Standardized Testing: Yay or Nay?


Alexis Mayhue

Standardized testing brings with it pressure, and many students are opting out of the process.

Jess Salmon, Staff Writer

What’s the real purpose of going to school? Isn’t it to learn? Isn’t it to study subjects in which we find most interesting? Isn’t it to educate ourselves without the hassle or worrying about having to prove ourselves to anyone? Yes? Then what is the point of standardized testing?

This is the perspective many students, parents, and even teachers have on the subject of standardized tests. These tests are set in place to judge schools and to place them on a chart, grading their score achievements.

Opting out of these tests has become a rising trend in our nation. Parents don’t want their children taking them, teachers don’t want to teach to the test, and students just simply don’t want to take them.

Some parents ave gone as far as to say these standardized tests go against political views and even religious views.

One Bellwood-Antis High School teacher said, “Testing narrowed the curriculum. It now focuses on mostly math and reading and forgets about the sciences and arts.”

People don’t agree that the amount of testing is appropriate and they feel like it’s an invalid representative of a student’s knowledge or school’s skill level.

“If we’re going to use the tests to judge the schools, we’re not really judging the school at all,” the teacher said.

Thirty million dollars are spent each year to fund these tests. Is that too much?

It is possible now that teachers are so worried about “teaching to the test” that they fear straying away from the test’s curriculum. Students are only being taught what the tests want them to know. So the question becomes, is this even fair?

There have been many studies done that prove that 80% of a student’s test score can be predicted based on their social economic status. This is why test scores in the inner city of Pittsburgh tend to be lower than our small-town school of Bellwood-Antis.

“In a high-achieving school, you’ll probably see high economics, and vise versa.”

Kids at the poverty level have other things to worry about most of the time. They don’t do as well on these tests “which is something we’ve known for years.” This teacher said, “It’s not that they can’t learn, it’s just that they have other things to do.”

I know what you’ve probably been asking yourself: how is any of this a religious issue?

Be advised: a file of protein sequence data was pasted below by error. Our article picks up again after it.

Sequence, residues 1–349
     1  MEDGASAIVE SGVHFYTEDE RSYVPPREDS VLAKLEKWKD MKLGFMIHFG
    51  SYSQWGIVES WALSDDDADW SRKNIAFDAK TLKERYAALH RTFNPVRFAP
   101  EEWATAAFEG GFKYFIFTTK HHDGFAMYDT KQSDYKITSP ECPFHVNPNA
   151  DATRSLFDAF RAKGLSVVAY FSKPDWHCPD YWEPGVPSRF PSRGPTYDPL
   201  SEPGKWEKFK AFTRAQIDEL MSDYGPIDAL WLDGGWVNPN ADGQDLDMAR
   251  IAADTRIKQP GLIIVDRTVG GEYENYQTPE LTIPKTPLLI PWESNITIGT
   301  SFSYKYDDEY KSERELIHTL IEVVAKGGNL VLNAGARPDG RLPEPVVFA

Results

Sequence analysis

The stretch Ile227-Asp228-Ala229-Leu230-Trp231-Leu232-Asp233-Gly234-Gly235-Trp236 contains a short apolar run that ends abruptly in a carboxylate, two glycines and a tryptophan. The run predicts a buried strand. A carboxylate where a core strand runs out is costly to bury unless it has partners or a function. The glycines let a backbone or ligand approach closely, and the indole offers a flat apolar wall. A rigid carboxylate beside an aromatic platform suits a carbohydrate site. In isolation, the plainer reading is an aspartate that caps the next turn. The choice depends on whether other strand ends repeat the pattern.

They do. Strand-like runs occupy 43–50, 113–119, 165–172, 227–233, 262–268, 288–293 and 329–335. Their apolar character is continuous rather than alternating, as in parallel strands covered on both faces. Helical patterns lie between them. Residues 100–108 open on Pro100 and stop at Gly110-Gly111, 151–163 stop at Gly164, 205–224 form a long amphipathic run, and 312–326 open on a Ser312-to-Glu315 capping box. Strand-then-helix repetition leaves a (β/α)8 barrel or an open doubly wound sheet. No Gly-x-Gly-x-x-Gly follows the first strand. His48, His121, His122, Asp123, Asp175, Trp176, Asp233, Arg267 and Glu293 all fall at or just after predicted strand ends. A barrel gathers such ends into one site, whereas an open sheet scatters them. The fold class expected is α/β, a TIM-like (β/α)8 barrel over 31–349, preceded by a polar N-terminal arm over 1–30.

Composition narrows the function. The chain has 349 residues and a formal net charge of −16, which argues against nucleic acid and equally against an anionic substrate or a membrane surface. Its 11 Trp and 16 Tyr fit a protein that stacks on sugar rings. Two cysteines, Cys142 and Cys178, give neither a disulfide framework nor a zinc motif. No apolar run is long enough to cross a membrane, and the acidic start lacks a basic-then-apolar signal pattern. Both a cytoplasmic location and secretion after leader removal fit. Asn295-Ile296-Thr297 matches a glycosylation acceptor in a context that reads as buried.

Many parents and adults alike envision filling in bubble sheets for hours when they think about standardized tests.
Alexis Mayhue
Many parents and adults alike envision filling in bubble sheets for hours when they think about standardized tests.

The people who discriminate against the testing for religious reasons say that there is too much focus on the tests instead of on the kids’ education, where it should be. These tests stress the students out and harm the “overall well-being of them, with lack of nurture.”

“It’s not helping kids, but it’s definitely hurting them,” said one teacher on the subject of standardized tests. This view point ranges from all over the social-economic status spectrum. I say this to keep ignorance from making you believe that “only people from the poverty level would think this.”

Bellwood-Antis principal Mr. Schreier believes that standardized tests do give a snap shot to help compare schools across the state or even the nation, depending on the test.

“Standardized testing has been around a very long time. These tests, whether they are necessary or not, have forced our school and others into aligned curriculum. Everyone’s on the same page,” he said.

With all the schools on the same page and all having the same basic curriculum, these tests may actually give a decent reading on a school, in general.

“There has to be structure,” Schreier said, “Teachers can’t always just teach what they want to teach. It doesn’t work that way anymore.”

This “structure” is partly what Schreier calls teaching to the test. He doesn’t totally disagree with this method of teaching. What he doesn’t agree with is when teachers feel compelled to spend the year teaching students how to strategically answer specific questions and how to ensure accuracy.

“It’s wasting time in class to teach how to answer the test correctly,” he said.

The only way to opt out of tests, at this point, is for religious reasons. It’s unclear what these reasons are specifically or if maybe it’s just a way to get out of taking said tests.

There is one thing that you should think about before you jump to the assumption that you can just exclude yourself from these tests.

Keystone testing is soon going to be a graduation requirement. What happens when you opt out of this test? The answer is simple; you do the same thing that the students who fail the Keystones do. It’s called a Project Based Assessment (PBA). This computer project is estimated to take 5-7 hour PER MODULE. What? In conclusion, by opting out of a test, you’re signing up for a longer, more complex extension of the same test. Make sense?

So, what do you think? Should students be forced to take the standardized tests provided for them? Should teachers be forced to teach to a test rather than to the students’ advantage? Would you opt out of these tests? Would your parents encourage it? What about your teachers?

Just something to think about.